Thu Jan 29 2015
What are the rules when it comes to clearing snow in Toronto? When do you have to shovel? Do you have to use salt? What happens when a neighbour complains? We have the answers.
Snow has finally come to Toronto and it looks like this time you’ll have to get out the shovel. But what are the snow rules in the city? We talked to Hector Moreno, the City of Toronto’s manager of road operations, to find out what you’re meant to do when the snow starts sticking and what you can expect from the city.
Where do I put the snow I’ve shovelled?
Keep it on your property. Don’t push it into the road — that’s illegal and can land you a $360 fine, which goes up to $1,000 for repeat offenders. This season, 305 warnings have been sent out for illegal snow dumping, but only eight tickets have been issued.
Am I responsible for the sidewalk in front of my house?
The city will clear snow from sidewalks after eight centimetres of snow has fallen (five cm in January and February) when their equipment can do the job. If you live in the suburbs, the city will probably do the clearing for you. But if you live downtown and in central parts of Toronto, places where it’s hard for their equipment to get, you are required to clear your sidewalk within 12 hours of a snowfall. See the map above.
What if I live in a rental?
If you’re in a house rental, the nice thing to do would be to clear your sidewalk. But “ultimately the responsibility rests with the registered property owner,” says Moreno.
Do I have to use salt?
Use salt on sidewalks and steps only when necessary, the city recommends.
What happens if I don’t shovel?
You could face a $125 fine and wrath from your neighbours. But of 325 complaints made so far this winter, none has resulted in a ticket. Last winter, the city received 4,608 complaints and issued 144 fines.
How long do I have to wait for the city to clear my sidewalk?
Where the city provides the service, sidewalks will generally be plowed within 24 to 48 hours of a snowstorm. But the city asks for up to 72 hours after the snow has stopped.
What happens if I’m old or sick and live in the core?
The city currently clears sidewalks for 7,000 of the city’s sick and elderly. Sign up for the service here.
Who’s responsible if someone slips and falls on the sidewalk outside of my home?
Courts have ruled that municipalities are liable. In 2013, slip and fall claims cost Toronto $11.5 million, with an average claim coming out at $26,500.
My neighbours never shovel the sidewalk. What do I do?
It’s difficult for bylaw officers to “catch people in the act,” says Moreno, or non-act, in this case. Most fines are doled out after people call and complain about their neighbour — but even then the city “puts a lot of effort into education” as a first response, says Moreno. “Any subsequent complaints or follow-up investigations may result in fines being imposed for non-compliance,” says Moreno. “It should be noted that over the years we are seeing a higher rate of compliance ranging between 90 and 95 per cent.”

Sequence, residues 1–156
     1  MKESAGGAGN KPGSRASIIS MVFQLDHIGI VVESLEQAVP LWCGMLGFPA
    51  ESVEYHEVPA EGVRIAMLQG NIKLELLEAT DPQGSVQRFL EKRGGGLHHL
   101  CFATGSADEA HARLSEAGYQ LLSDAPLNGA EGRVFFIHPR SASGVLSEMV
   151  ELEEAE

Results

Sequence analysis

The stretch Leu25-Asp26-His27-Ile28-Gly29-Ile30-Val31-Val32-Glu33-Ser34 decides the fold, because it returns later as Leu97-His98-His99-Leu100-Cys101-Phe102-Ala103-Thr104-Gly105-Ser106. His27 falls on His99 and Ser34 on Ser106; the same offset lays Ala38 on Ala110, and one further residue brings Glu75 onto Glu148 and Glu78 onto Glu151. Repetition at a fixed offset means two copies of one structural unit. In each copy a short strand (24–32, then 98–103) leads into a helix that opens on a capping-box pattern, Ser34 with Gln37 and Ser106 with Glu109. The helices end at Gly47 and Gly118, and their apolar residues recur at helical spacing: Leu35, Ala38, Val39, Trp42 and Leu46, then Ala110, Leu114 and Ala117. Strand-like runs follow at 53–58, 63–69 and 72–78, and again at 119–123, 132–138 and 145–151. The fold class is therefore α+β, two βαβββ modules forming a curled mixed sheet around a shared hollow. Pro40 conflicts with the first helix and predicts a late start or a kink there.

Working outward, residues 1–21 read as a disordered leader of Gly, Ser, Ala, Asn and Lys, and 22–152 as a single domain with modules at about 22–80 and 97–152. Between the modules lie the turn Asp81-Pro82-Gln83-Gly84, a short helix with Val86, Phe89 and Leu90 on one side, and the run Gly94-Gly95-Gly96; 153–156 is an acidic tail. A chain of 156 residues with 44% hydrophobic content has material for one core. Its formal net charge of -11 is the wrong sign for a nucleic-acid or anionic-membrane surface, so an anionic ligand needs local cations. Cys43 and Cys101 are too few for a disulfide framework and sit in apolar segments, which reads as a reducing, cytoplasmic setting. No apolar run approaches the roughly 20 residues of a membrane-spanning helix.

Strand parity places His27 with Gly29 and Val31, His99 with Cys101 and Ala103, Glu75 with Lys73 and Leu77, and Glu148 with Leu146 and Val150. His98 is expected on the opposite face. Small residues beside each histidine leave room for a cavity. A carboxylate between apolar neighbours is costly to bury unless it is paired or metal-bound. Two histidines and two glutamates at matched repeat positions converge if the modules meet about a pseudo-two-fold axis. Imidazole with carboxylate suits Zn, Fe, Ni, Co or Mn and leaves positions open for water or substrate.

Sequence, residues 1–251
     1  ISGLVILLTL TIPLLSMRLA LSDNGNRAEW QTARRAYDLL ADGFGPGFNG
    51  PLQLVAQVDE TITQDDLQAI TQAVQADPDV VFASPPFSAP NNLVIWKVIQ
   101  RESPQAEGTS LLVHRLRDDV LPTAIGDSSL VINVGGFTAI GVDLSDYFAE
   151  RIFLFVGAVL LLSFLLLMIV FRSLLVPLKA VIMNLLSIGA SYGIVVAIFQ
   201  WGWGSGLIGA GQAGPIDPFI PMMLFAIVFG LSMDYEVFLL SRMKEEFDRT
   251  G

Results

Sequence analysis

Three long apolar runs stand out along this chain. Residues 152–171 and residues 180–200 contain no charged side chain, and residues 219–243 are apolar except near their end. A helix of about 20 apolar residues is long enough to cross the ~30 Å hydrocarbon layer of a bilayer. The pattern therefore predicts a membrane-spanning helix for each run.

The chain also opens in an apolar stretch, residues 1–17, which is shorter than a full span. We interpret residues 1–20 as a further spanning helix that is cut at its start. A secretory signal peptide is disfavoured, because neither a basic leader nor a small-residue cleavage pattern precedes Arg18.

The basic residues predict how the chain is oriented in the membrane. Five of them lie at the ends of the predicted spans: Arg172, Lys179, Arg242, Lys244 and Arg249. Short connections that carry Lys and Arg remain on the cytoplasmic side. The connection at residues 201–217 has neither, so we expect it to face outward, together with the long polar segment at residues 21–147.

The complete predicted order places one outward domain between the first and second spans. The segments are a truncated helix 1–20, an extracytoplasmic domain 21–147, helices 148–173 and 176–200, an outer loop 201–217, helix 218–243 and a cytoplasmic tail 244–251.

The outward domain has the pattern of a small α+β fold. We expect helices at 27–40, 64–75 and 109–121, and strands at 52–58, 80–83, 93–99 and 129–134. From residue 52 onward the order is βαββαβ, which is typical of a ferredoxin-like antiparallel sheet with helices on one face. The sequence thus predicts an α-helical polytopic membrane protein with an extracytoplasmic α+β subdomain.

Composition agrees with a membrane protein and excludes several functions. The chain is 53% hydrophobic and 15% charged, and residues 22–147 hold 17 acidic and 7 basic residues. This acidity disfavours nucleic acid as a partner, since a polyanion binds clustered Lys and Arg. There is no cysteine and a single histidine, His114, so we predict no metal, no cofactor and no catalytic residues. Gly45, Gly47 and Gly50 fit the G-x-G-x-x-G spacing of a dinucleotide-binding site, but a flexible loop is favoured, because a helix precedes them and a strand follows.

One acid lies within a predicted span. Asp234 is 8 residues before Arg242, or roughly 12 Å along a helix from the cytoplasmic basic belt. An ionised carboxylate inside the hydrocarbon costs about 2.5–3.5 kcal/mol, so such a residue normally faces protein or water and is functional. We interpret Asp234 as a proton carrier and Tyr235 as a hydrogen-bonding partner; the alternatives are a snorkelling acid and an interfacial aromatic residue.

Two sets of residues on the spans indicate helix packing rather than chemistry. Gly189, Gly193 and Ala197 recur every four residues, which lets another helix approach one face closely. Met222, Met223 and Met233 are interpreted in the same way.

How long do I have to wait for a snowplow to come down my street?
Local road plowing begins if snow accumulation has reached eight cm once snow fall stops. Plowing on side streets will usually be completed within 14 to 16 hours. Bus stops and transit shelters will generally be plowed within 48 hours after a snowstorm.
Call 311 to report winter-related emergencies.
What else does the city do?
Toronto has an $85 million budget for winter operations, approximately 0.85 per cent of the total city budget, with a lot of effort made to keep roads open. As soon as snow begins, the city sends out its fleet of salt trucks to the expressways and main roads. Local roads and laneways are salted soon after. Plowing begins on expressways when 2.5 cm of snow has accumulated, and on the main roads when there’s five cm of snow, and continues until the operation is complete.
Can I park on the street during a snowstorm?
If possible, keep parked cars off the street so that plows can do their job. You might get a “friendly tow” if your car is in the way. If your car isn’t where you left it and the street has been cleared of snow, look on nearby streets. If you still can’t find it call 311 or Toronto Police Services at 416-808-2222416-808-2222.
How about parking on a snow route?
Parking is prohibited for a period of 72 hours on a designated snow route only when a “major snowstorm condition” (more than 25 cm of snow) is called. The tow won’t be so friendly then: you’re liable to pay up to $300 ($60 fine plus towing and impound costs) for parking on a snow route during a snow emergency. But the last snow emergency was declared in 1999, says Moreno, when then mayor Mel Lastman called the army in.
Where does the plowed snow go?
In most cases, snow gets pushed to boulevards and bigger roads nearby. But when the snow starts adding up, the city removes it to one of five snow storage sites dotted throughout the city and “lets Mother Nature do her thing,” says Moreno